In 1761, the Duke of Choiseul, then prime minister of Louis XV, bought the Chanteloup estate shortly after being appointed governor of Touraine. By 1765, he was increasing and updating the castle and expanding the gardens. Fallen in disgrace, he was exiled from Paris in December 1770 and settled in Chanteloup, where he completed the renovation. There he held a brilliant assembly, passing as a rival of Versailles.
The “Folly of the Duke of Choiseul” or “Monument to Friendship” was built by the Duke in 1775,after his exile from the court of King Louis XV, in tribute to all his friends who had shown him their loyalty.
The Castle of Chanteloup
While the Duke of Orleans, future King Louis-Philippe, bought the Pagoda to join the forest he had just acquired, the castle fell into the hands of these merchants of goods infamously known as “The Black Band”. Furniture was sold, the castle demolished and gardens well-off.
Today, all that is left of the sumptuous, princely residence is :
The large semi-circular water pond, extended from a large canal, with its large goose paw perspective,
The Concierge’s Little Pavilion, which includes a permanent iconographic exhibition tracing the history of the castle and its gardens,
The two charming pavilions, in the purest Louis XVI style, located on the side of Amboise, and which marked, at the time, by “The Golden Grid”, the entrance to the estate.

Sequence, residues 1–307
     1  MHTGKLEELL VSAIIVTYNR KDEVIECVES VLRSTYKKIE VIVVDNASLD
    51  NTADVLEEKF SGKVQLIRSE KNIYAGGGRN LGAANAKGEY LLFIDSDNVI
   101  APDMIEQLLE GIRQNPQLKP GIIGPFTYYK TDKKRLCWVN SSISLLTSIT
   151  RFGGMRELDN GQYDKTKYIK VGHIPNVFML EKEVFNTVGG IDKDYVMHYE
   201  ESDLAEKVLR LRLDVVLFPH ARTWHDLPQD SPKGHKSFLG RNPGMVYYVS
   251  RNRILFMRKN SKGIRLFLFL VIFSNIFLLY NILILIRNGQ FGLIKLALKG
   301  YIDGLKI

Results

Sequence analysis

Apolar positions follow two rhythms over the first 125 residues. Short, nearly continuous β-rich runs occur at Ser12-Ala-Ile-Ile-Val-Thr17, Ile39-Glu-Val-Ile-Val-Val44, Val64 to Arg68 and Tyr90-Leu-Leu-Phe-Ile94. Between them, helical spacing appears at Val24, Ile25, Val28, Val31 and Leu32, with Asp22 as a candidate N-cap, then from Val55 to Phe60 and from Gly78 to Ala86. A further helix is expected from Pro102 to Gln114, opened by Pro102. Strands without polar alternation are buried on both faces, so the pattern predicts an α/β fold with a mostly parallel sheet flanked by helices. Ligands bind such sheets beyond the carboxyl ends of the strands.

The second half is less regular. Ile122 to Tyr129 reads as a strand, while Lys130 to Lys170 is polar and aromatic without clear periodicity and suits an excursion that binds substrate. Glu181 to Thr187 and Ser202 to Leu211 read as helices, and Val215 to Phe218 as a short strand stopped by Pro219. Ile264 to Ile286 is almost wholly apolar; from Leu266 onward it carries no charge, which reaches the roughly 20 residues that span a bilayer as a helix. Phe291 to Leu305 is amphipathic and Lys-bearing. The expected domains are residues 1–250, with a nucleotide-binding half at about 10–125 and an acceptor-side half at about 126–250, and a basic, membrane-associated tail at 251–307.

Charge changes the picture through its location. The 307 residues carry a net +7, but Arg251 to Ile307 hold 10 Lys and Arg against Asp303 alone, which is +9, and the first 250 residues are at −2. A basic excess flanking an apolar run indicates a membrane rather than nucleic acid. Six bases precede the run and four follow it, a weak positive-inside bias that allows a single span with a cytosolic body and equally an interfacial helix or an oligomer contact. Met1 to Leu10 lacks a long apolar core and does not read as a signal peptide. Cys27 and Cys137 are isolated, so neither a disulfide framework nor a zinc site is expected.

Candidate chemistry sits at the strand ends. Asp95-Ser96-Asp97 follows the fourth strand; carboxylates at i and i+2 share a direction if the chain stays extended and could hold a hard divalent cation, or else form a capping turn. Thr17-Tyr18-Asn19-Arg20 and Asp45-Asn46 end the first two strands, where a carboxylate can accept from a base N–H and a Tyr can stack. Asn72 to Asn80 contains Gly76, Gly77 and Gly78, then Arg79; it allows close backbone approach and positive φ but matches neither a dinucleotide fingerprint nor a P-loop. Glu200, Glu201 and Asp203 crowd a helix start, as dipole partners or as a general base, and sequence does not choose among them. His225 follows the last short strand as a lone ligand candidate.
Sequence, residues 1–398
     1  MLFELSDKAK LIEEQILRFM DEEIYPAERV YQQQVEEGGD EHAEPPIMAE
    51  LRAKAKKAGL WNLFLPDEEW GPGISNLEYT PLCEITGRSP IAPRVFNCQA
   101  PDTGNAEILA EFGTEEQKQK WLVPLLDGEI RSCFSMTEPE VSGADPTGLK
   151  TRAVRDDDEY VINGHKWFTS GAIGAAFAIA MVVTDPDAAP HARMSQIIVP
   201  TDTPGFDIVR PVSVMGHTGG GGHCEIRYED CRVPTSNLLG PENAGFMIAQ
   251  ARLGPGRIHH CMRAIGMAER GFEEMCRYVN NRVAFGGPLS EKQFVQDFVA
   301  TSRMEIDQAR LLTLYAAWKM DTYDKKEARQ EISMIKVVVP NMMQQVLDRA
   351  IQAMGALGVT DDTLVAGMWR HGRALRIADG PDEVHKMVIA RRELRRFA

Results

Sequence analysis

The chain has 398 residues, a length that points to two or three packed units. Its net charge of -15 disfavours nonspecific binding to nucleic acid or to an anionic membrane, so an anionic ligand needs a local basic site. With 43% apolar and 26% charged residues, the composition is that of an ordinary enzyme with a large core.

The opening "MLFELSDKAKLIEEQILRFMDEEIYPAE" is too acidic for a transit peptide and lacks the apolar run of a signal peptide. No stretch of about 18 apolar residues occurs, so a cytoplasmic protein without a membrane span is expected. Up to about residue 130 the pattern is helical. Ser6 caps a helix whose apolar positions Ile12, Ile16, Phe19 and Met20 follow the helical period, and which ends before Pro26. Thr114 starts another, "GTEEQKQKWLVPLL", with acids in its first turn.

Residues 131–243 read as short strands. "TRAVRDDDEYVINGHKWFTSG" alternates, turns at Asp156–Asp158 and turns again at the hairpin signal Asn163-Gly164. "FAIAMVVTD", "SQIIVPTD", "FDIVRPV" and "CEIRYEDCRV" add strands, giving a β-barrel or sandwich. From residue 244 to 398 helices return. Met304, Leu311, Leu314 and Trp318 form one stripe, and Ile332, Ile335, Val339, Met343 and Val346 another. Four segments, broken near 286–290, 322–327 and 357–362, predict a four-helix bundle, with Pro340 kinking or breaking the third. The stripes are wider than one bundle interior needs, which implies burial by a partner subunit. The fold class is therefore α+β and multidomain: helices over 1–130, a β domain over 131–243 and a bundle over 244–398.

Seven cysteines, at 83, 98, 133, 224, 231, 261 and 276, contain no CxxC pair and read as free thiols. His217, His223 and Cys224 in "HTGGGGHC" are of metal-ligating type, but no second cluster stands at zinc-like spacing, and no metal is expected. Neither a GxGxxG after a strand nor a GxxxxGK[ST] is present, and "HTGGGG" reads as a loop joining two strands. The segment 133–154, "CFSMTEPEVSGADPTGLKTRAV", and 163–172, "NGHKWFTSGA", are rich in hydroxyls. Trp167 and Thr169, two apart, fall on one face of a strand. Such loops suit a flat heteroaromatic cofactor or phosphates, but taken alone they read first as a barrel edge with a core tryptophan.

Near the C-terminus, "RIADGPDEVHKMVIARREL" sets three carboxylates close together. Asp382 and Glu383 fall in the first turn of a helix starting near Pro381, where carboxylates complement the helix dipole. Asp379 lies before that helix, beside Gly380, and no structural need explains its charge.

The gardens of Chanteloup, which were very important – they covered no less than 4,000 hectares – were created throughout the 18th century.
They were started in 1710by Jean d’Aubigny. This garden then develops a very classic formal scheme: a vegetable garden, a “French-style” garden around the castle and a wooded garden made of groves and charms with a regular layout.
In 1761, the Duke of Choiseul commissioned his architect Louis-Denis Le Camus to make splendid embellishments.
As in Versailles, there were:
The “Little Park” with its regular layout, surrounding the castle with flower gardens and beautiful waters.
The “Great Park” sinking into the forest with crossroads, stars and long straight avenues.
Without delay, Choiseul had the gardens enhanced in unison with the palace. He devised a spectacular plan,divided into two stages:
It is through the “Great Park” that he begins his transformations, opening seven wide gardened avenues converging at a central point – where the Pagoda will later be built.
He then designed the gardens of the “Little Park” spanning more than a hundred hectares, according to Jean d’Aubigny’s drawing, according to a plan that has remained with us.
To feed the many “water games,” Choiseul undertook considerable work to bring up the water in abundance.
Later, he had a half-moon water pond dug on the highest point of the Chanteloup site. To feed it, he did not hesitate to connect it to the Etangs de Jumeaux located in the forest more than 12 kms in the air, with a vertical drop of only 6 meters, by a canal crossing a valley by a lead siphon! Around 1770, Choiseul undertook to extend this piece of water by a Grand Canal, six hundred meters long and one hundred meters wide.
Captivated by the beauty of the prevailing century, Choiseul wavered however between the natural feel of the anglo-chinese style garden and the rigueur of the French garden. Thus he concluded his garden fantasy by constructing an unnecessary, exotic extravagance (The Pagode) right in the middle of a typically classical perspective which Le Camus then built in the purest style of Louis XVI.
The gardens were destroyed during the Revolution.
The Half-Moon Water Room, extended by the Grand Canal lined with plane trees, which has become a swamp, has been transformed into a bowling alley.
The forest walkways of this 28 acre park and the view of the crossroads which branch out into seven paths.